Black Friday may soon be named Black Thursday given how many retailers across the country are opting to open a day earlier.
But that’s got retail employees who would rather be spending time with family and friends on Thanksgiving seeing red.
Some employees at a number of major retailers are upset over the so-called “Black Friday creep,” but employers say it’s all about boosting sales, recovering from last year’s sluggish shopping season, and staying competitive during this critical shopping period when many retailers see the biggest profits of the year.
Do employees know how their efforts matter?
“A common image of Black Friday is an intense game of one-upsmanship among retailers pushing to be the first to open after Thanksgiving and consumers scrambling to beat out their fellows to the best bargains; a surprising contrast to the messages of gratitude, contentment, and togetherness that are the overarching themes of Thanksgiving Day,” said Ken Matos, senior director of employment research and practice at the Families and Work Institute.
With two competing interests – profits versus turkey dinner – how does an employer make it work?
It’s all about bringing employees into the fold, Matos maintained.
“An important question for retailers to consider is whether they collaborate with or use employees to make Black Friday a success,” he noted.
- While working Thanksgiving night is unquestionably a sacrifice for employees, do they ever get a meaningful explanation of how their work positively impacts their organization?
- How many retailers report back to their employees on the success of their Black Friday efforts? Are they ever actually thanked for their work?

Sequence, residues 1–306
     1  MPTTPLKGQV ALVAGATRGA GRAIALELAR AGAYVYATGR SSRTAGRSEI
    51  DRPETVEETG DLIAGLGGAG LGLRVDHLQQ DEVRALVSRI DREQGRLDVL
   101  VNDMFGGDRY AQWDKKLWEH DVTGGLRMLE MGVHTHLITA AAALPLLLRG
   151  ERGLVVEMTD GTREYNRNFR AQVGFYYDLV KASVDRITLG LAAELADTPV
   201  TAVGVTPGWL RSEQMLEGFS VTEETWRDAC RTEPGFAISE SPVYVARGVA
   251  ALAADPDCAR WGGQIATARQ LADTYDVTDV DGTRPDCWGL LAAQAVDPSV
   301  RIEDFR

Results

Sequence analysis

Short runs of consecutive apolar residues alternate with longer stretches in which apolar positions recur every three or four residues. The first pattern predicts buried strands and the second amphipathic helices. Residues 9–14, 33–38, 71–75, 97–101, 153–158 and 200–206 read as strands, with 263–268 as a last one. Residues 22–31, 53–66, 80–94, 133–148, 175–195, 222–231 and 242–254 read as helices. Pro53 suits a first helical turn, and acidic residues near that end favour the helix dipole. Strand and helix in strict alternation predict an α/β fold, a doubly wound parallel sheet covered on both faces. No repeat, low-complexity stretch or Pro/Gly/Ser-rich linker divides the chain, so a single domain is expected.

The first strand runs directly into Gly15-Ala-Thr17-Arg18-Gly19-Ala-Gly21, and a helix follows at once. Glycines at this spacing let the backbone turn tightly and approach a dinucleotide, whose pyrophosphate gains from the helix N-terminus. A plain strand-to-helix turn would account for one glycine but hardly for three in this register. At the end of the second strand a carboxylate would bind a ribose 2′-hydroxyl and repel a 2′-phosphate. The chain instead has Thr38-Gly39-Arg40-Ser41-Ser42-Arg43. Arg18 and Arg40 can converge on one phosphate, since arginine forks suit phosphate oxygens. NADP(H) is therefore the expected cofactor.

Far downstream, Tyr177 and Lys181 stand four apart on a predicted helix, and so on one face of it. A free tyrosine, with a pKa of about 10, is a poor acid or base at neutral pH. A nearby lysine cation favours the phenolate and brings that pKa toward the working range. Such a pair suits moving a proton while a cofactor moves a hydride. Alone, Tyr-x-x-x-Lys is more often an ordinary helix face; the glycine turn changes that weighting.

How employers handle employee sacrifices matters
“If employees are not able to see how their work has a positive effect on their organization,” he continued, “all they will notice is the negative effect on their holiday.”
He pointed to the Institute’s research on what makes an effective workplace.
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“We have found that work-life fit, a climate of respect, and autonomy are key drivers of employee engagement and job satisfaction” (see table 13 of The State of Health in the American Workforce: Does Having an Effective Workplace Matter?) he said. “The way organizations handle requests for employee sacrifices of work-life fit will impact whether employees feel that they work within a climate of respect and have sufficient autonomy to remain engaged and satisfied with their work.”
Communication is key, he stressed. “Employee morale and acceptance of sacrifice can be enhanced by communicating with them about why sacrifice is necessary and collaborating with them on ways to minimize the impact on employees and the business,” he added.
“Even when no better solution emerges from the discussion employees are more likely to feel respected and maintain higher morale when given an opportunity to voice their concerns and consider alternative options with their employers. For this strategy to be truly effective, employers need to invest in these mutually communicative relationships year round and not just before a major change in the status quo.”
Regardless of how employers and employees manage the new store hours this year it is ultimately up to consumers to decide whether Black Friday becomes Black Thursday. If consumers want to go shopping early on Thanksgiving Day, and retailers will be open to fulfill that desire, retail employees will be heading out even earlier to provide a quality shopping experience for those consumers.
In the end it will take a conversation among all three groups to find a way to make it work for everybody.
This was originally published on the Families and Work Institute website.